IN THE MIDNIGHT RAIN was my first mainstream novel, a book that was published under my romance pseudonym, Ruth Wind. It was a hard reach for me at that time, a long book with stories in the past and present. There is a dog, April. There is music–the blues, which I love with a madness I’ve never been able to quantify. There is a beautiful, lost Southern man who grows orchids. And there is a community of women. It was a RITA finalist, and a favorite book on many lists.
It is more of a romance than some of my women’s fiction, but not much more than A Piece of Heaven or The Secret of Everything. Here is what people said about it at the time:
“Intriguing and absorbing.” - Sandra Kitt, CLOSE ENCOUNTERS
“In her mainstream debut, Ms. Wind blows away much of the competition with a remarkable rousing drama that touches the inner soul of the reader.” - Harriet Klausner, Book Browser Reviews
“Stunning! Powerful! Eloquent! Emotional! These are just a few of the words I’d use to describe this wonderful story. To say I loved it is a huge understatement. Ruth Wind has written a gem of a book for her breakout novel” - Kate O’Connell
“A multiple RITA award winner, Wind (aka Barbara Samuel), has many strengths that show well in “Midnight Rain.” With La Vyrle Spencer’s retirement, Wind/Samuel inherits the crown as the Queen of Heartfelt Emotion. Wind is more consistent than Spencer, indeed, than most, and her contemporary heroines are more complicated and interesting. She also gracefully delves into cultural territory that publishers often discourage romance writers from entering. Issues of race, ethnicity and class form the solid backbone of many of Wind’s novels. “In the Midnight Rain” traverses the social landscapes of an integrated east Texas small town with respect and love.” - Lynn Coddington, Contra Costa Times
from the back cover…
LOOKING FOR THE PAST… Ellie Connor is a biographer with a special talent for piecing together fragments of the past. Her latest project, though, promises to be her most challenging–and personal. Not only is she researching the life of a blues singer who disappeared mysteriously forty years ago, but Ellie is also trying to find the truth about the parents she never knew. The love child of a restless woman who died young and an anonymous father, Ellie has little to go on but a faded postcard her mother sent from a small, East Texas town–the hometown of her latest subject.
…COULD MEAN HER FUTURE
It is there that Ellie meets Blue Reynard, a man with deep roots and wide connections who may help her find answers. With a piercing gaze and cool grin, Blue is as sultry and seductive as the Southern night air. Beneath his charming surface, however, lies as soul damaged by loss. Despite her better judgment, Ellie finds herself irresistibly drawn to Blue’s passion–and his pain. But Ellie’s been lured by sweet talk and hot kisses before. How can she possibly stay with Blue when every instinct tells her to run?
THE STORY BEHIND THE STORY
My grandmother has been telling me stories as along as I can remember, and the weft and warp of those stories was never woven in fairy tales or proverbs. Her method of instruction has always been tales of sin and redemption from real life–the triumphs and falls of women and men who were tempted and seduced by the wide array of sins–and how they paid if they fell, or how they triumphed if they resisted.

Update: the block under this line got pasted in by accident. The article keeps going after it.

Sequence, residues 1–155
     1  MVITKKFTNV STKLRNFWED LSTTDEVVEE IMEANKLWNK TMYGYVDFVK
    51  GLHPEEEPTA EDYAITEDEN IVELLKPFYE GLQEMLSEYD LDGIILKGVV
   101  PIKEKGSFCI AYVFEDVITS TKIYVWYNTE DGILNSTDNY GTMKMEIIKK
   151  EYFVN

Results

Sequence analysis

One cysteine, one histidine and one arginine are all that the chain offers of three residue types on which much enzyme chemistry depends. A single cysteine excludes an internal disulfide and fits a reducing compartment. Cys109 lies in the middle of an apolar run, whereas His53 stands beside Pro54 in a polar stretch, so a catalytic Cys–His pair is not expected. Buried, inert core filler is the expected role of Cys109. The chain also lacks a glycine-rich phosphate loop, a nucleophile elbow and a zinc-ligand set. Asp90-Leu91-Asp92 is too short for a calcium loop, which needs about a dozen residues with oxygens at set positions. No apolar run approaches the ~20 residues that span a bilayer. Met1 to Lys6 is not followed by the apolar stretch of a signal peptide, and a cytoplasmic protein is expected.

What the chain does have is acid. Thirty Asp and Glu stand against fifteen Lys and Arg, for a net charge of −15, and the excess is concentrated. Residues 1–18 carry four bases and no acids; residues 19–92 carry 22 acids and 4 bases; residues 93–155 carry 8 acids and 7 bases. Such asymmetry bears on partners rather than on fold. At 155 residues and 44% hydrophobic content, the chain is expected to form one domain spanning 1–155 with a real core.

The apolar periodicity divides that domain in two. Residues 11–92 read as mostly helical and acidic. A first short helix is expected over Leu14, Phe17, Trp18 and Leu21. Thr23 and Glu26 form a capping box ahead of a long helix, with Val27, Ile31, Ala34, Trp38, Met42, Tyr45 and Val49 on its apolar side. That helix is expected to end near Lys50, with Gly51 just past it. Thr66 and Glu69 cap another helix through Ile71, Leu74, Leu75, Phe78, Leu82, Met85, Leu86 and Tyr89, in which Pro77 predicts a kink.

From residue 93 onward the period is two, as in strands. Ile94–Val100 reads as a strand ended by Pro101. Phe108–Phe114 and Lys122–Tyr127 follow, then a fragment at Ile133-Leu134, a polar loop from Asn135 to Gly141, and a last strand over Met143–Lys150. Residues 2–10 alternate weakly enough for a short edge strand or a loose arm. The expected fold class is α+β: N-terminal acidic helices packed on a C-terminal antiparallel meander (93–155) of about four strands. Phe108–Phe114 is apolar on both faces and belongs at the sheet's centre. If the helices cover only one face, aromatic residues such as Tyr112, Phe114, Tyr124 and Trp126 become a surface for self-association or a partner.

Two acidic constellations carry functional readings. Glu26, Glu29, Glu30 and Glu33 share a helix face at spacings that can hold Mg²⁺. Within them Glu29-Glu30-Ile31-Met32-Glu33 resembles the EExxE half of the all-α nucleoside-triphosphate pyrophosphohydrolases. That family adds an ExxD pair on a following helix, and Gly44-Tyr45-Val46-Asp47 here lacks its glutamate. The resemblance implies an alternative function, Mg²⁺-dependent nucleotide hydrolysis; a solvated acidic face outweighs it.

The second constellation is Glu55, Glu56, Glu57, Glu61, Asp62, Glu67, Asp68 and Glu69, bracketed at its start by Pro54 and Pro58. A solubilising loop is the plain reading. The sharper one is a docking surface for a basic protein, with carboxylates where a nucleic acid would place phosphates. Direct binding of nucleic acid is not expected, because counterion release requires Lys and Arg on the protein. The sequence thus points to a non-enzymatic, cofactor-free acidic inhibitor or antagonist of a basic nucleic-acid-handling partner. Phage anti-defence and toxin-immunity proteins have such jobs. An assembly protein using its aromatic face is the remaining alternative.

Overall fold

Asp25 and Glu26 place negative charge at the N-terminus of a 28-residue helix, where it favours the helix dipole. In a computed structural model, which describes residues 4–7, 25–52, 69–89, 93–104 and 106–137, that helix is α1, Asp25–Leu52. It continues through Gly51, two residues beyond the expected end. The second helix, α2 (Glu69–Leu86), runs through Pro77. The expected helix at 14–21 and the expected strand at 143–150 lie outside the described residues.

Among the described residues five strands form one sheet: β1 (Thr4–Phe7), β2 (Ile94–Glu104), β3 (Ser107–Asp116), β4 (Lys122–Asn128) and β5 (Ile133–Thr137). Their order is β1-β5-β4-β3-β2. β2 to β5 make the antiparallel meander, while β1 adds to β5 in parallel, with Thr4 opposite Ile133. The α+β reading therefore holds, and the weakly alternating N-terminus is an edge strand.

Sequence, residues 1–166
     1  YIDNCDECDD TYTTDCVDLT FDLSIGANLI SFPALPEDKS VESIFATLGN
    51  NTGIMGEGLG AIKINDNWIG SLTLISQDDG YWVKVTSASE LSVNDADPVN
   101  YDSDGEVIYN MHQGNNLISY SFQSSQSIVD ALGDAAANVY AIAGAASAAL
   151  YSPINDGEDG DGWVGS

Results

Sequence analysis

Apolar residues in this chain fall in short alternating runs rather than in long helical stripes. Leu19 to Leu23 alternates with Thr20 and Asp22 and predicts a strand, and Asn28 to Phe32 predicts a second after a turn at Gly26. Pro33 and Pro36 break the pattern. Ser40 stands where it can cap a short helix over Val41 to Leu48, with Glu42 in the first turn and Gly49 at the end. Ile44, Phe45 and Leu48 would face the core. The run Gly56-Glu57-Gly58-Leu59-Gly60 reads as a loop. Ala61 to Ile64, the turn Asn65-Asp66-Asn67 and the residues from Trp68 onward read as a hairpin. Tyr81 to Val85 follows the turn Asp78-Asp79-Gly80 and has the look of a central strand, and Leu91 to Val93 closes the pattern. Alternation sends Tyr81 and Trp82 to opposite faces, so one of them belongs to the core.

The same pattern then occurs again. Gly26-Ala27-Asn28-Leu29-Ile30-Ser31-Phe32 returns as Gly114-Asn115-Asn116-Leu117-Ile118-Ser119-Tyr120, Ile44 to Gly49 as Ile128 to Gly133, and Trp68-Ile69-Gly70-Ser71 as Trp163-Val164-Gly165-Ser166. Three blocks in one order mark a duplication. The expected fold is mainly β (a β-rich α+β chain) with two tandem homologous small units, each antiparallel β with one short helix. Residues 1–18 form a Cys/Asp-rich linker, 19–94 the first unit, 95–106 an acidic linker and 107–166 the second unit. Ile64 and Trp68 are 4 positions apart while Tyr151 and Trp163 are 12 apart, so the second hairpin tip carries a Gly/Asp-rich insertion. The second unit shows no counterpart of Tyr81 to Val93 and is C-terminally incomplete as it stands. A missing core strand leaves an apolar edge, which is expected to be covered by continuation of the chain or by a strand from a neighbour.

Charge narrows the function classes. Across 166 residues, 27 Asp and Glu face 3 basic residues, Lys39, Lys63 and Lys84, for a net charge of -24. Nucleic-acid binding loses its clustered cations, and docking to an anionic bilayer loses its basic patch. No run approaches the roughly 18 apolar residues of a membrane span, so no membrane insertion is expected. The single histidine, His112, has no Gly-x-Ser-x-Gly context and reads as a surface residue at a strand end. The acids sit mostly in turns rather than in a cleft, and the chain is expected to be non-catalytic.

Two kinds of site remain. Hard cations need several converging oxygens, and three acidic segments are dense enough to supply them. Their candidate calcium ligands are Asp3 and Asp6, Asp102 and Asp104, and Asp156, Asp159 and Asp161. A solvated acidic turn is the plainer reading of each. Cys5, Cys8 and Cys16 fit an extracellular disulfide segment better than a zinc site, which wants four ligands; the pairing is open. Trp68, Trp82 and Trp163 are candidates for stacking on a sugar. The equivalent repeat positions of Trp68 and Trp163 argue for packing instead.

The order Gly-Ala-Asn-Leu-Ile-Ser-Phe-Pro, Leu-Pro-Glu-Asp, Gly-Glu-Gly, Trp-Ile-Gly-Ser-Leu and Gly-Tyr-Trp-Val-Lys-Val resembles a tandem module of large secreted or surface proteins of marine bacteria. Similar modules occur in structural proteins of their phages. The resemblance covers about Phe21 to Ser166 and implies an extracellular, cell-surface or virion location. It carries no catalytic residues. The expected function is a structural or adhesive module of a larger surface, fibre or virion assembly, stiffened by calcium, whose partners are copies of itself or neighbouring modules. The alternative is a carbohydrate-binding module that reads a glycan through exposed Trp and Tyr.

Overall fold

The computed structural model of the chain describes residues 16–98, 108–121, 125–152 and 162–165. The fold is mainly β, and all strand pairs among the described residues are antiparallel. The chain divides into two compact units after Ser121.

She never hurried through them–they’re laced with details as rich as one of her pecan pies–washed with a moody Southern quality and a thick kind of light. As a child, I loved doing any kind of kitchen chore with her because I knew she’d start telling stories. I lived for that sudden shift in her cornflower blue eyes, that slight unfocusing on the present as she looked the past and she would begin, “I remember when…”
Even better than the stories of sin and temptation, I loved the ones about people who had tried to do the right thing, and only made things worse. My grandma would say it was the finger of God, teaching a lesson, and we should be thankful, but I always privately wondered just exactly how you could manage to be thankful if God kept knocking you over with that finger.
There’s plenty of sin and redemption, temptation and triumph, in MIDNIGHT RAIN, which was born out of those long hours doing chores at my grandma’s side. Ellie Connor, tough and earnest, smart and vulnerable, arrives in the little East Texas town of Pine Bend to uncover the secrets of a mysterious and beautiful woman who disappeared more than a generation ago–and also do a little poking around about the mysteries of her own life. It’s there, in the sleepy, haunted little town that Ellie also finds Blue Reynard, a man as beautiful as he is lost, with a whisky-dark voice and a dangerously seductive understanding of the secrets of a woman’s heart. Blue is everything Ellie has vowed to avoid, and everything she can’t resist.
This is a story about community, about discovery and loss and the way we each find a way to get through those long rainy nights that fall in every life. It’s most especially a very sexy, emotional romance, and I hope you’ll enjoy as much I enjoyed writing it.
Oh, and by the way, Grandma makes an appearance. Bet you won’t have any trouble at all recognizing her.
Like this? Try these posts, too.: